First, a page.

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Forum on vaping, e-cigarettes to focus on facts


Last updated 5/17/2017 at Noon

Shawneri Guzman holds a healthy human brain while giving a presention on the health affects of smoking. She plans to bring a brain to a community forum May 25 in Mukilteo.

For years, Shawneri Guzman has been using donated human organs to share real-life stories about the health risks of smoking cigarettes.

“Many of the organs we have came from cigarette smokers who wanted to share their stories,” said Guzman, a Trauma Data Analyst & Injury Prevention Specialist at Providence Health & Services who has 20 years of experience as a health care professional.

“We don’t have vape stories yet because they haven’t been out long enough. We want to prevent those stories from having to be told.”

Guzman plans to show off a healthy brain Thursday, May 25, during a community forum highlighting the health and safety risks to teens of vaping and smoking e-cigarettes.

“How many opportunities do people get to see a real human brain?” she said. “Vaping affects all parts of your body, but I am really focusing on the brain.”

The forum, sponsored by the city of Mukilteo, will run from 6-7:30 p.m. at City Hall and will educate parents, teens and community members about the risks associated with vaping and e-cigarettes, as well as the risk of broader drug abuse by these products.

“It’s not intended to be a debate about whether vaping is safer than cigarettes,” Guzman said. “The truth is: safer doesn’t equal safe.”

Vape devices and e-cigarettes are relatively new, meaning the jury’s still out on whether they are safer than traditional cigarettes, Guzman said.

“We thought smoking was safe when people first started doing that, and now we know that isn’t true,” she said. “Who wants to be a test subject? These kids are inadvertently being test subjects, not knowing what the long term affects are going to be. It’s a gamble.”

Several years ago, Guzman began getting questions from high school students about vape devices while giving presentations on the health risks of smoking cigarettes. When vape devices first hit the market, they were regarded as cool and safer than traditional cigarettes, she said, prompting some students to bring them to school.

“When I first started getting questions about it, it seemed like with vaping there were no rules, so kids were bringing these devices to school,” she said.

“Smoking has such a stigma to it, so that has really decreased. But vaping is a culture, and that attracts teens. It’s seen as socially acceptable and cool and fun, and teens often look past the dangers because of that.”

Data collected from 2011 to 2015 have shown that e-cigarette use has increased among high school students 900 percent in the United States. Studies indicate that the rise in the use of vaping products and e-cigarettes among teens are driven by a lack of accurate information about their health risks.

“Often times there is a misperception among teens that vaping and e-cigarettes are safe. Not only is this not true, the use of these devices can perpetuate the use of more dangerous substances,” Mukilteo Police Chief Cheol Kang said.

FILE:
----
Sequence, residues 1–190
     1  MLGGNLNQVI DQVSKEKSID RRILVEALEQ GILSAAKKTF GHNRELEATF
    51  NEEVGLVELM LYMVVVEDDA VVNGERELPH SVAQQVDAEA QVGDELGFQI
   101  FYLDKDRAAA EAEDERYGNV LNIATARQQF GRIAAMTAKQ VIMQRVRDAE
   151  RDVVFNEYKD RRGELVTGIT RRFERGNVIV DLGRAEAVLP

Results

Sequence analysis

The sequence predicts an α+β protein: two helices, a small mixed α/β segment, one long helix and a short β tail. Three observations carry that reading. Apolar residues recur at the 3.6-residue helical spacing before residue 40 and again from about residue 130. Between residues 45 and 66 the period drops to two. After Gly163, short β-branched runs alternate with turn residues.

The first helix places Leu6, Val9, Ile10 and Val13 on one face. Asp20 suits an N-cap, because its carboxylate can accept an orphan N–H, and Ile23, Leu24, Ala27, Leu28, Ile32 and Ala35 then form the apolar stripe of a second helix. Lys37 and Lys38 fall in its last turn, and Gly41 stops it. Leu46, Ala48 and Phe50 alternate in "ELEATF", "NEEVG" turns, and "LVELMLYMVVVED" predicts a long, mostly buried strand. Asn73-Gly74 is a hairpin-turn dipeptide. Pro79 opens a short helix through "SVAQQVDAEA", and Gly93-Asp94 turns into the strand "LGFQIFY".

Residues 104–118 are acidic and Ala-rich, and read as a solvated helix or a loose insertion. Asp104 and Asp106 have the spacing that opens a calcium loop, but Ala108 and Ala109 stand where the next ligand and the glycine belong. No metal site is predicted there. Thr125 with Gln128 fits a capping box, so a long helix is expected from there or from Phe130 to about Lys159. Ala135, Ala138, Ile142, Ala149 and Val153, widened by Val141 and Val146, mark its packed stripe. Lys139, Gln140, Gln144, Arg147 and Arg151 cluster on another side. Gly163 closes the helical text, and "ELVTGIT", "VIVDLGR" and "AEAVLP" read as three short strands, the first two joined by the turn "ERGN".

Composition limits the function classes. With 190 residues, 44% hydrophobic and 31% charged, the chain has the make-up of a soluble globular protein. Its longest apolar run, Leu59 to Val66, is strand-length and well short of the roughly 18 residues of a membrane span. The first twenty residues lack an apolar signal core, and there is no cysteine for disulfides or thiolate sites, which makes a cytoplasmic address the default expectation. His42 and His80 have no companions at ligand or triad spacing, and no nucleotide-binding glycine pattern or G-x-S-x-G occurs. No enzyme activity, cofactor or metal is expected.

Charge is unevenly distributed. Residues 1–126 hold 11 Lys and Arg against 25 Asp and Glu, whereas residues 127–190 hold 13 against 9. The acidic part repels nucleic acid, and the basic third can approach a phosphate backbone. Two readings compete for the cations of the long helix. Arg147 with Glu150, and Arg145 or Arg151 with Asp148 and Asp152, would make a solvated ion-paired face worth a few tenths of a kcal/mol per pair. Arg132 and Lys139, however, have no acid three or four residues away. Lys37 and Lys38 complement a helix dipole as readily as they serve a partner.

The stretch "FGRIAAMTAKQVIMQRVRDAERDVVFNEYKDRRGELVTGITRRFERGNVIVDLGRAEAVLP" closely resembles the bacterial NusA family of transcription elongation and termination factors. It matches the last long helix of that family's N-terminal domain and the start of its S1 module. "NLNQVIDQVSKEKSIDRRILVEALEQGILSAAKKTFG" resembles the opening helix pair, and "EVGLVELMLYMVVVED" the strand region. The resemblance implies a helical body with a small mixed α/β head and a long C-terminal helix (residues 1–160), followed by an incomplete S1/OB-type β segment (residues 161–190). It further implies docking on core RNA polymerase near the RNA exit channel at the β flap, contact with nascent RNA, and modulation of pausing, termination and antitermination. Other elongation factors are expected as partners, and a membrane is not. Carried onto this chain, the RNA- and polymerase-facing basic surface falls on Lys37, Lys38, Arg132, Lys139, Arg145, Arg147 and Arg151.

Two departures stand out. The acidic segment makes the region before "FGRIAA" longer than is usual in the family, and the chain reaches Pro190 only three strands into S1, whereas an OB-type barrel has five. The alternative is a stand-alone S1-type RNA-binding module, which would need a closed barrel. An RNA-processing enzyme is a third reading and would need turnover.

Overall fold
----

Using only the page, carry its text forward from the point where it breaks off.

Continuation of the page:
Vape devices can be used to smoke other substances, such as marijuana THC oil, without parents knowing the difference, Guzman said.

“A parent might catch a child vaping, but not know there are THC oils in there,” she said. “It’s easy to conceal your usage.”

Many teens understand the addictive risks of nicotine, but might still be attracted to the many flavored liquids, she said.

“What if I use the vape juice that doesn’t contain the nicotine?” she said, noting that Formaldehyde and antifreeze are both found in the juice. “Is it as bad? You are taking away the addictive property, but you are still putting a heated chemical into your body that can cause cancer.”

Guzman said the brain is not fully developed until about age 25, meaning teens are more susceptible to addiction. Her goal is to convince teens to at least wait until their brains are fully developed before trying vape devices or e-cigarettes.

“We don’t always have to experience something to know it to be fact,” she said. “You don’t have to be in a terrible car accident to know that seat belts save lives, for example.”

The state’s Healthy Youth Survey, conducted every two years, first asked students about their use of vape devices and e-cigarettes in 2014. Reported usage among most student groups in Mukilteo schools fell significantly in the 2016 survey, the results of which were released earlier this year.

“It seems now that kids are getting the message that it might not be as safe as they think,” Guzman said.

The forum is part of a series of events the city will be organizing in 2017 to highlight health and safety issues for youth and families in Mukilteo. The initiative is the result of Mayor Jennifer Gregerson’s Action Agenda priority to reduce violence and promote healthy behaviors for youth.

“We are committed to protecting public health in our community, and making sure that everyone has accurate information about the risks associated with e-cigarettes and vaping,” Gregerson said.

Guzman said she plans on presenting the facts in a practical way so parents and teens can come to their own conclusions together.

There can be a lot of head butting between teens and parents because they are operating on different sets of facts,” she said. “This will be an opportunity for parents and teens to learn about these things together so they can have the same facts.”


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